The Capitalist Machine: Computerization, Workers’ Power, and the Decline in Labor’s Share within U.S. Industries

Source: Tali Kristal, American Sociological Review, Vol. 78 no. 3, June 2013

From a press release:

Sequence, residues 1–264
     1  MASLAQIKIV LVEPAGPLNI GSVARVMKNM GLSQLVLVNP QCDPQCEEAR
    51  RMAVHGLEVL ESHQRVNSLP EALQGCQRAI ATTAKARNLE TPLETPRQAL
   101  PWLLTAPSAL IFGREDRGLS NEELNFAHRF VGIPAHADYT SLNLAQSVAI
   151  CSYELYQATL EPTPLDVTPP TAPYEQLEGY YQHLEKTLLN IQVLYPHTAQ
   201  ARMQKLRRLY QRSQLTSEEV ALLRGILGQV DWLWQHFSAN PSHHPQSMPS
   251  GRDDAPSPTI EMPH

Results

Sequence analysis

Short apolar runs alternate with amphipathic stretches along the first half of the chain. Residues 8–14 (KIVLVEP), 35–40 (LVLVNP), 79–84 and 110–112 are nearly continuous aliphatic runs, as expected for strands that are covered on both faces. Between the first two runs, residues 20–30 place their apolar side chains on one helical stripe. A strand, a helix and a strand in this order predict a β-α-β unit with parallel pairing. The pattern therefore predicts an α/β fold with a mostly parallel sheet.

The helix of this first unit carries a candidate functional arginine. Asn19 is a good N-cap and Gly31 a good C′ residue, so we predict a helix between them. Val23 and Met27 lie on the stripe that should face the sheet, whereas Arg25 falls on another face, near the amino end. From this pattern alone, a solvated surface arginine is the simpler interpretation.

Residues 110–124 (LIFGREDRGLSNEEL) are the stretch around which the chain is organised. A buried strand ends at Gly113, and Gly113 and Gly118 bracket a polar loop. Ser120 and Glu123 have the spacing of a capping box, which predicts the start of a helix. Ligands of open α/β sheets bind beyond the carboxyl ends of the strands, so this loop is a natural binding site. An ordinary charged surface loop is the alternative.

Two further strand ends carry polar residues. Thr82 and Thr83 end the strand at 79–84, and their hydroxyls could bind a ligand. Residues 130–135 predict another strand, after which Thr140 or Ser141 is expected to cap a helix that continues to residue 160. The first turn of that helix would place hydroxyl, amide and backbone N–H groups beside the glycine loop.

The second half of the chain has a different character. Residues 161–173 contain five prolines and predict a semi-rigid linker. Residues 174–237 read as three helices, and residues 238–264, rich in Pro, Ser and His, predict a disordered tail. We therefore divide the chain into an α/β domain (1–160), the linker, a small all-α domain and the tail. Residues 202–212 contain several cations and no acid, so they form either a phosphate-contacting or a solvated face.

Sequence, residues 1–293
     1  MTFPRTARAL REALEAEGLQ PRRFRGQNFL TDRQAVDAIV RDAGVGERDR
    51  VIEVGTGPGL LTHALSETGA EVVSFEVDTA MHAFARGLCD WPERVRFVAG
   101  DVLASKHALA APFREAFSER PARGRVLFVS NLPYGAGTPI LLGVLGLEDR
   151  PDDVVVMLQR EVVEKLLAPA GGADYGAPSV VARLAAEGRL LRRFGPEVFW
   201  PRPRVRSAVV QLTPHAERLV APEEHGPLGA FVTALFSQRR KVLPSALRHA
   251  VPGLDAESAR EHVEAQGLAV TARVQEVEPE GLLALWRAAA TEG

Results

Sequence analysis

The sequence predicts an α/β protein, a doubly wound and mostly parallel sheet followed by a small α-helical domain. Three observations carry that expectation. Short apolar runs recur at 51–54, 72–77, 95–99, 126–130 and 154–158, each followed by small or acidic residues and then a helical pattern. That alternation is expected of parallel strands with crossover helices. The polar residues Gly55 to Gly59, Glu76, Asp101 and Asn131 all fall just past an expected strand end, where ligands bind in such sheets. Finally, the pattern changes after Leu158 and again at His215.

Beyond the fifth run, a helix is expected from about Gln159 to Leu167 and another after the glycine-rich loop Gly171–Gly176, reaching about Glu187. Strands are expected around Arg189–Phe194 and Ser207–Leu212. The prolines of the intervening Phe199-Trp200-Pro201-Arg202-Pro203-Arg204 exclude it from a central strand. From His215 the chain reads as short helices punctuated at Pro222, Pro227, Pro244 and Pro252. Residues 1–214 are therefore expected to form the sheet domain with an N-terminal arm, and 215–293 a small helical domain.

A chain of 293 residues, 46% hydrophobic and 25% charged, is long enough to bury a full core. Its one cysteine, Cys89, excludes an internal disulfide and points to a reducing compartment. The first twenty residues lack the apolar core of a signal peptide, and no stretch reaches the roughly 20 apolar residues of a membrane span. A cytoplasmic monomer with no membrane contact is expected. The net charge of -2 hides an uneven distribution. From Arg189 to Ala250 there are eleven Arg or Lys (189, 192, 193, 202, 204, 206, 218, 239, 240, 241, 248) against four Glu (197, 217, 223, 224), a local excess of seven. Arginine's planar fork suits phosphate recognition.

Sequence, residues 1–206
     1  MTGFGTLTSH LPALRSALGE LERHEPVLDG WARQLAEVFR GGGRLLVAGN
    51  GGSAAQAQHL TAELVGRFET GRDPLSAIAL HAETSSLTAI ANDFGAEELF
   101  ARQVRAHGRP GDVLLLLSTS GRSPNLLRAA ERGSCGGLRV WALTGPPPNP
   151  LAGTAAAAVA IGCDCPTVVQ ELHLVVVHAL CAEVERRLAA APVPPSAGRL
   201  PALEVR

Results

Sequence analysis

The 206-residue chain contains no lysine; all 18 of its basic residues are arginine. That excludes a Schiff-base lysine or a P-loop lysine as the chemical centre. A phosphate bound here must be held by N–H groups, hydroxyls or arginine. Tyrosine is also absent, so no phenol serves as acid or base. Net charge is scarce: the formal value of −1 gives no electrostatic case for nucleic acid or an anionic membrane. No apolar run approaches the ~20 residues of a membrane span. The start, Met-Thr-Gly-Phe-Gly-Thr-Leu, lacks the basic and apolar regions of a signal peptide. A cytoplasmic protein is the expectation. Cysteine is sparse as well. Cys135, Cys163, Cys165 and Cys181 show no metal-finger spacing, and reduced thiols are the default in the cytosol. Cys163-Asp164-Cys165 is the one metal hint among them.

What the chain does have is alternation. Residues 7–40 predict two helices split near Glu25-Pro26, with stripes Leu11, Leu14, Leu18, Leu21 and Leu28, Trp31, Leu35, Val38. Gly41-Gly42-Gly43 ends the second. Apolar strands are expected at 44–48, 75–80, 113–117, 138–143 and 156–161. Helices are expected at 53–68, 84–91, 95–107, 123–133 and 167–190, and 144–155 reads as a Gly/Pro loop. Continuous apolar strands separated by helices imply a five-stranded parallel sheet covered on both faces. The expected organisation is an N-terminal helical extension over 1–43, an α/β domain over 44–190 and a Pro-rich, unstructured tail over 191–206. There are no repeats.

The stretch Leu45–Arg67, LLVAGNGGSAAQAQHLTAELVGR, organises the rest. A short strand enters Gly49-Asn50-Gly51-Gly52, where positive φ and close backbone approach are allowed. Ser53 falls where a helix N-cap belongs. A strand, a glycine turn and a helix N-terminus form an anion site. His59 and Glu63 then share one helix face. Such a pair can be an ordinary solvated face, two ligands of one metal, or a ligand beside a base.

A new study suggests that the decline of labor unions, partly as an outcome of computerization, is the main reason why U.S. corporate profits have surged as a share of national income while workers’ wages and other compensation have declined. …The study, “The Capitalist Machine: Computerization, Workers’ Power, and the Decline in Labor’s Share within U.S. Industries,” which appears in the June issue of the American Sociological Review, explores an important dimension of economic inequality that has been largely overlooked in research and the national discourse….”It was highly unionized industries — construction, manufacturing, and transportation — that saw a large decline in labor’s share of income,” Kristal said. “By contrast, in the lightly unionized industries of trade, finance, and services, workers’ share stayed relatively constant or even increased. So, what we have is a large decrease in labor’s share of income and a significant increase in capitalists’ share in industries where unionization declined, and hardly any change in industries where unions never had much of a presence. This suggests that waning unionization, which led to the erosion of rank-and file workers’ bargaining power, was the main force behind the decline in labor’s share of national income.” In addition to the erosion of labor unions, Kristal found that rising unemployment as well as increasing imports from less-developed countries contributed to the decline in labor’s share….